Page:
Monday, January 23, 2012
You might wonder what was that stuff falling from sky recently. Yes, it’s rain – something we haven’t seen since last year.
For growers across the San Joaquin Valley, the dark skies and rain drops are welcome sights. Indeed, almond trees and young alfalfa plants were starting to look a little parched.
During the early winter dry spell, I was seeing some growers irrigating their fields and orchards to keep their trees and plants alive. It’s important that first-year alfalfa plants get adequate water to help develop strong root systems and foliage.
Lately, you started to hear whispers about the dreaded “D” word again. Just the thought of drought is daunting, bringing back painful memories of the fallow fields and abandoned orchards across the Valley.
The good news is some weather forecasters are predicting above average rainfall for February. We’re counting on the storm door to stay open and bring more rain to the Valley and snow to the Sierra Nevadas.
Not only is rain good for the fields and orchards, it also helps reduce the salinity building up in the soil. Let’s keep up the rain dance.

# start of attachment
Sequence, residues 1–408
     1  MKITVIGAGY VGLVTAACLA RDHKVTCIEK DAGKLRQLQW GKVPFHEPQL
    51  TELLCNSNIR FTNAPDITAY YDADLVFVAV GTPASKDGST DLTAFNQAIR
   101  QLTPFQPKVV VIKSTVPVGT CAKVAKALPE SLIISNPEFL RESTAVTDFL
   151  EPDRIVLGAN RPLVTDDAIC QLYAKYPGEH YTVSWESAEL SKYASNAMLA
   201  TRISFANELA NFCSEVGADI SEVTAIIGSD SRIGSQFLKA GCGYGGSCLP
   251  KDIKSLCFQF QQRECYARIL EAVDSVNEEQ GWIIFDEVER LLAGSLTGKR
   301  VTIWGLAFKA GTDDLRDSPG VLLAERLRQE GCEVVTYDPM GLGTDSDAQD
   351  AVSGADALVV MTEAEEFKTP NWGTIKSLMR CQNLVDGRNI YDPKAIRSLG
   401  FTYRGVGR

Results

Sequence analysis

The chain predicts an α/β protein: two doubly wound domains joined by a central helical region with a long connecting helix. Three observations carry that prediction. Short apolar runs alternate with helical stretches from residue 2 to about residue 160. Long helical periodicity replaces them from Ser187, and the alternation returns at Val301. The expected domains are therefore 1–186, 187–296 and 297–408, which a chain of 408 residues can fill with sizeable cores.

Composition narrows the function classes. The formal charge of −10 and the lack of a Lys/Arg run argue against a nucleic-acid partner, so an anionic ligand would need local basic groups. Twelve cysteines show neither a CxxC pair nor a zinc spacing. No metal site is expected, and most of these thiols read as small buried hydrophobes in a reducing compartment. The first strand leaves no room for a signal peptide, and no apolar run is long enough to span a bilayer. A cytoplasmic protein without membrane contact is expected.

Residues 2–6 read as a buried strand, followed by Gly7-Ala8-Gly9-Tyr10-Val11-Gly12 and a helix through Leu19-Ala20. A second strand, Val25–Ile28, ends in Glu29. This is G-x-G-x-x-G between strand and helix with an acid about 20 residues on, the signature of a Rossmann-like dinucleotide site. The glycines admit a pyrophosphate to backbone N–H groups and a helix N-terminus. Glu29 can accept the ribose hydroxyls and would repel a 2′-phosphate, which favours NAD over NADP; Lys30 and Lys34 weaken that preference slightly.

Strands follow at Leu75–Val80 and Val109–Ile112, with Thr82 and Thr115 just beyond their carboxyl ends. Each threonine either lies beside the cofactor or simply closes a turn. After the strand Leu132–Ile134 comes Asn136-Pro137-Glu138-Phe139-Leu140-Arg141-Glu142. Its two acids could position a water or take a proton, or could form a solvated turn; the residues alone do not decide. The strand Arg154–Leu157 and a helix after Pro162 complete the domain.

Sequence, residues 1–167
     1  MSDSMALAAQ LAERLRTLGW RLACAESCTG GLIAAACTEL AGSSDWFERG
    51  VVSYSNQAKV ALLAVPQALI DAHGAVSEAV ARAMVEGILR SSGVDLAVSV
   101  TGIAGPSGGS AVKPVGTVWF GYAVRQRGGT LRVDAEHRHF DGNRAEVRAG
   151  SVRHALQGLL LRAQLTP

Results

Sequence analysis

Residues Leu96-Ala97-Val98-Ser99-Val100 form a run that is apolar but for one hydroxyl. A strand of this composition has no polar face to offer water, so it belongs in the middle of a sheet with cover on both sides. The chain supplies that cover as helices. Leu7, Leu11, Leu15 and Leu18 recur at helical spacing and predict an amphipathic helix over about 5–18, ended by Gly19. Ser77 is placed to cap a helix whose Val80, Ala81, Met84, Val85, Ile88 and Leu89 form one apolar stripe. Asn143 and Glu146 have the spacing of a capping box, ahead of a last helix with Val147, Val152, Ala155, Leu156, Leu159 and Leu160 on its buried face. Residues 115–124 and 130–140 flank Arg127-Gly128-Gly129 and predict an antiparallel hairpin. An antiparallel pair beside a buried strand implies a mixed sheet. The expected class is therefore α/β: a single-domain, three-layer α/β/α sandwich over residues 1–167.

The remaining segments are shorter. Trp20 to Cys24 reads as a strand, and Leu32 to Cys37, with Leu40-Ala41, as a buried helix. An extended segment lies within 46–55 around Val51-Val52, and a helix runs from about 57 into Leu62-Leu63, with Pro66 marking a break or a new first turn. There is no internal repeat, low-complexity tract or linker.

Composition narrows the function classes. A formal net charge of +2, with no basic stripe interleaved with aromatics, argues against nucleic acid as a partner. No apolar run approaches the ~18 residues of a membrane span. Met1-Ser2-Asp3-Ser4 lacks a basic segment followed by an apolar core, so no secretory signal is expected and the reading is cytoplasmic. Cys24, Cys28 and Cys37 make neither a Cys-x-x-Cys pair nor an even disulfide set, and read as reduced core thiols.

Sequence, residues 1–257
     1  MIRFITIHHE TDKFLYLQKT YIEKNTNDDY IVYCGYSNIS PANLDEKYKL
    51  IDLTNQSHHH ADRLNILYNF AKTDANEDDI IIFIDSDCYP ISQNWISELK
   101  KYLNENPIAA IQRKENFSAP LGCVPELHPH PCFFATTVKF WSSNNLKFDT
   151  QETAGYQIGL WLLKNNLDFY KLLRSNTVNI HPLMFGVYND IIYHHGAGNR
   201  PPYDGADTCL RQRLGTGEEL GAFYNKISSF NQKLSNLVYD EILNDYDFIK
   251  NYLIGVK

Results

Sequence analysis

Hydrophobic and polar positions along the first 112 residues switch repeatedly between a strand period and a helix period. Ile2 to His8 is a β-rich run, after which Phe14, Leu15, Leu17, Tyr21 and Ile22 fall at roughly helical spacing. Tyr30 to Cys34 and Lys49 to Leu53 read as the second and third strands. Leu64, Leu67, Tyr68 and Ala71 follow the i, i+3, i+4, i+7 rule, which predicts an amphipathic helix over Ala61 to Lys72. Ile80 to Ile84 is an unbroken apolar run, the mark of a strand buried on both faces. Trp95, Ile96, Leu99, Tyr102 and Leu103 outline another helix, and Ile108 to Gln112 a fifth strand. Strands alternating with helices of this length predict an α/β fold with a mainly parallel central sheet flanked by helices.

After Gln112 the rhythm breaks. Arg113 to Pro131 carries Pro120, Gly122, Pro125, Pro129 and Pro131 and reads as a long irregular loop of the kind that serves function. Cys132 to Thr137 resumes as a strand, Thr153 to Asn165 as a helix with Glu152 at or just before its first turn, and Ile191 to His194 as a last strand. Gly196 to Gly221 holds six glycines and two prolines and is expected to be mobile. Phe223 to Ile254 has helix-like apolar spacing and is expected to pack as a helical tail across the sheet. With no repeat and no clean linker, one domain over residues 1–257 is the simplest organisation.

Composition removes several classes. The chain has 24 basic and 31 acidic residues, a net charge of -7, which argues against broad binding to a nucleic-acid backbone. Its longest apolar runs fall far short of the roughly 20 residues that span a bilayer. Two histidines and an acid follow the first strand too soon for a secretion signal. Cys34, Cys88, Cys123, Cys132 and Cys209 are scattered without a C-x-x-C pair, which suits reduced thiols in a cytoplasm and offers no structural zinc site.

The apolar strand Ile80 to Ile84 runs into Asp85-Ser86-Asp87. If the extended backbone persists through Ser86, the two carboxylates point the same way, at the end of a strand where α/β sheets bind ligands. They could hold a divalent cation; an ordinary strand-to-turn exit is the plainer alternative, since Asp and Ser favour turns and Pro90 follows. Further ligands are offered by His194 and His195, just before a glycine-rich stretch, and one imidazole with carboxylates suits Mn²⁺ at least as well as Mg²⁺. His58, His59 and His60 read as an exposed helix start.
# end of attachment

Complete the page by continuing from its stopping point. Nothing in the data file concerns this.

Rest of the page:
With the start of the New Year, the San Joaquin Sustainable Farming Project is busy recruiting new almond, alfalfa and cotton growers from Madera, Merced and Fresno counties to join our program. Our participating growers have become better environmental stewards by embracing biological-based Integrated Pest Management practices. They have learned they can improve yields, reduce pesticide use and stay profitable. Growers have access to some of the state’s leading University of California extension farm advisors and IPM specialists.
Through our program, growers can save thousands of dollars in material and labor costs by cutting back on pesticide applications. I estimate each treatment can cost $10 to $20 an acre. For a 200 acre field, for example, that’s a savings of $2,000 to $4,000 for just one pesticide application. Growers interested in signing up for our program can contact me at (559) 259-1981 or by email at firstname.lastname@example.org Tell a fellow farmer as well.